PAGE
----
Rosalía’s VMA Wins and Controversy

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Bart Carmody

Contemporary flamenco and Spanish pop artist Rosalía has been long overdue for mainstream recognition. Long-time fans of her music would likely claim that her work deserved mainstream attention after her stunning 2017 LP debut “Los ángeles” or following the release of her sophomore album “EL MAL QUERER”—a sonically and conceptually gorgeous album that impeccably showcased her growth. She fluidly moved her sound from more Spanish-folk-centralized music to her current sensational flair of meshing flamenco music with the more widely recognized sound of Spanish pop. If her discography isn’t reason enough, her long lineup of co-signs should have surely launched her into the main public’s eye. The popstar has received nods and collaborations from numerous pop music titans such as James Blake, Pharrell Williams, Justin Timberlake, and J Balvin.

Wikipedia
Wikipedia

Finally, in late August 2019 at the 36th annual MTV Music Video Awards, Rosalía was nominated in four categories for both her music and their accompanying music videos, snagging two of the “Moonman” trophies on the night of the ceremony. The artist won Best Latin Video and Best Choreography for her video collaboration with J Balvin on “Con Altura.” Sure to get all eyes on her after wins, Rosalía outdid herself by quite literally lighting up the VMAs with during a mash-up performance of “A Ningun Hombre,” “Aute Cuture,” and “Yo x Ti, Tu x Mi”, the last being performed with assistance by Puerto Rican singer Ozuna.

Not only is the dual win a huge personal milestone for the singer herself, but Rosalía is the first Catalan artist to have ever won an award at the MTV VMAs in the award show’s history. This is a huge triumph for Catalan artists, a group of people long underrepresented at the VMAs.

While this kind of recognition is well-deserved, this incorrect labeling can lead to identity crises within Latinx fans and non-fans alike. As she was born in Spain, she is not considered a Latina artist. Moreover, her participation in her labeling as a Latinx artist and her failure to reject such labels can be seen as cultural appropriation. As the Latin music genre is a far more universally recognized genre than Catalan music, it would make sense for her to accept these uninvited and misleading labels in order to boost her popularity and her music’s accessibility to new listeners.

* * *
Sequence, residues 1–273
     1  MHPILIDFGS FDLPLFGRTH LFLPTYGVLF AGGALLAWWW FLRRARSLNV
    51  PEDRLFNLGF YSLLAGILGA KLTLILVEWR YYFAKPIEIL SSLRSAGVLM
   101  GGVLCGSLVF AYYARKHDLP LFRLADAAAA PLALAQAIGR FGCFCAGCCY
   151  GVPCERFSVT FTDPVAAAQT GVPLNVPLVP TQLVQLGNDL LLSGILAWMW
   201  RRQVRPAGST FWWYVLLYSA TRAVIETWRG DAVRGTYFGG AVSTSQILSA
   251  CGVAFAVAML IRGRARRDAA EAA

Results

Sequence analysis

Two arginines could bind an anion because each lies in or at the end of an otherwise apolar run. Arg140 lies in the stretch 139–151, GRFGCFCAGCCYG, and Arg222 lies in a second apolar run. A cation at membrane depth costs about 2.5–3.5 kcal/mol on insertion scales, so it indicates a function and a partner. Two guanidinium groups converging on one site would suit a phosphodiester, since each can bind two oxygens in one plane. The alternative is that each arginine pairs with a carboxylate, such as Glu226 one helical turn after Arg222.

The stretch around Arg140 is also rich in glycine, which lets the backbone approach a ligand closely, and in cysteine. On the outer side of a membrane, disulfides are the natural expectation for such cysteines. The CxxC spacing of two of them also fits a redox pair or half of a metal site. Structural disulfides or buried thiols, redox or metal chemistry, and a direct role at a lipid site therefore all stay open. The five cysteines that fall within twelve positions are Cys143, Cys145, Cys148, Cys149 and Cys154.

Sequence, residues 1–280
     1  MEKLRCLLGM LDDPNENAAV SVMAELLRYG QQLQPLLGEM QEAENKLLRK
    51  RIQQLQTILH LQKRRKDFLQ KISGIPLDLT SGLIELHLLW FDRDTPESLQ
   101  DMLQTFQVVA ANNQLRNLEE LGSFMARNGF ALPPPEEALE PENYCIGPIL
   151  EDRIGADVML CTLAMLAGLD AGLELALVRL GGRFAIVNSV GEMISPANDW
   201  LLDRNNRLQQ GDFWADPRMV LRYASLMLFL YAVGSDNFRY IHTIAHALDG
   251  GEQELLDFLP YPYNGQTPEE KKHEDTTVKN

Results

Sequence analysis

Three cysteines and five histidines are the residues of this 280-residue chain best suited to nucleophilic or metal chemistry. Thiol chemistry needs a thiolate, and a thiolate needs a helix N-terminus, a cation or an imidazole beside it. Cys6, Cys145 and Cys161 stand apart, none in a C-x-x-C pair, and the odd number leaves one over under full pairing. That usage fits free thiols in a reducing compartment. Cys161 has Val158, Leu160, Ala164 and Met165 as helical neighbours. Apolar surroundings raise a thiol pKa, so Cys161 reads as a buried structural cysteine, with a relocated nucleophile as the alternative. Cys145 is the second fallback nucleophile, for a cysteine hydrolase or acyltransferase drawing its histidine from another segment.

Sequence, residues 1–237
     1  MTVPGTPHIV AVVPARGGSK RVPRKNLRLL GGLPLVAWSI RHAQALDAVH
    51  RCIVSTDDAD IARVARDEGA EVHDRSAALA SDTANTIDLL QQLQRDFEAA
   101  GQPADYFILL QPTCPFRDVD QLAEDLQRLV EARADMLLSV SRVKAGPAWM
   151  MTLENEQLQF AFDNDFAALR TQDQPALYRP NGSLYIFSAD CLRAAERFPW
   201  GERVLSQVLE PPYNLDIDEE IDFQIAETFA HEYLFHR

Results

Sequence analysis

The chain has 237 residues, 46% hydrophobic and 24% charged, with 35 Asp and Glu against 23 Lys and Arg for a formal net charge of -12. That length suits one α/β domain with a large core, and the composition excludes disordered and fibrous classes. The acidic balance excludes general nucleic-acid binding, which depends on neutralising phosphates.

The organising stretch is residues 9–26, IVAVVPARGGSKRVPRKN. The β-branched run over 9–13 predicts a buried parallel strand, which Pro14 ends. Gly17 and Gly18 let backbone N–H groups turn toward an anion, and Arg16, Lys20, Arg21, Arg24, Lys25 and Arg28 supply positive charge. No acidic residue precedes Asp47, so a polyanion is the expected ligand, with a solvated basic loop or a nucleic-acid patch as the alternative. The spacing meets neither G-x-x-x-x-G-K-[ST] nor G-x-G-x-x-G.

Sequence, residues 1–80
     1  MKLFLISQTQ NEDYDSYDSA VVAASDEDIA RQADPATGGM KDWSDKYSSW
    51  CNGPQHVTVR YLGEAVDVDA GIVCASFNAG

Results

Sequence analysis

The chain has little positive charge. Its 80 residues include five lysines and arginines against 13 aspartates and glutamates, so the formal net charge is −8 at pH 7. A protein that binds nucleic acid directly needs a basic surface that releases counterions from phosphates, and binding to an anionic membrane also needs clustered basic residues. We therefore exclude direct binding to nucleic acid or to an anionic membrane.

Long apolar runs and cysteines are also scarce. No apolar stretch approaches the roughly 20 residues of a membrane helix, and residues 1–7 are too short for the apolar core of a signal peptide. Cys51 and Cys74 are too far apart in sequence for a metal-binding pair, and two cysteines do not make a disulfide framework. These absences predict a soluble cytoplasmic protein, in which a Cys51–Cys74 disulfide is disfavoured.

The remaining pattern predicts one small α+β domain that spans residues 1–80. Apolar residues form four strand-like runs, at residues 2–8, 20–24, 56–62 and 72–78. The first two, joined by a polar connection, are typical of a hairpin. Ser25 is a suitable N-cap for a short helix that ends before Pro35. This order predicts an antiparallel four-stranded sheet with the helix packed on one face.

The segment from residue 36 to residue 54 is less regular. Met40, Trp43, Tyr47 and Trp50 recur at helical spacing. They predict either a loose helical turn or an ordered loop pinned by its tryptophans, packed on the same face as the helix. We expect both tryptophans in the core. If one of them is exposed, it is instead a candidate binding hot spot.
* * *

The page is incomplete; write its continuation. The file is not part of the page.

As celebrities are living in the public eye more than ever thanks to social media, the singer’s victories were amply challenged by public ridicule. Many members of the Latin community are particularly upset with Rosalía’s winning of the “Best Latin Video,” arguing that despite making a notable impact on the current Latin music scene, she nor anyone else should portray or label her as a Latina, as she was born in Spain.

This isn’t the first time that Rosalía has entered this specific debate, either—there has been controversy surrounding the ambiguity of her background dating back to when she was featured in a Billboard mini-documentary series titled “Growing Up Latino.” The debate sparked again when she was on the cover Vogue México‘s August 2019 issue. The magazine included her in a list of Latin Artists to be on the lookout for in the coming year.

Rosalía has spoken upon this controversy in the past, claiming that music holds no boundaries or barriers and should be determined less by “where you come from” and more by “what you do.” While this may be a somewhat cogent argument, Latinx fans and aspiring Latinx artists deserve to represent their identity without getting overshadowed by artists who simply choose to wear those titles rather than being born with them. Rosalía has yet to speak out on her controversy at the VMAs.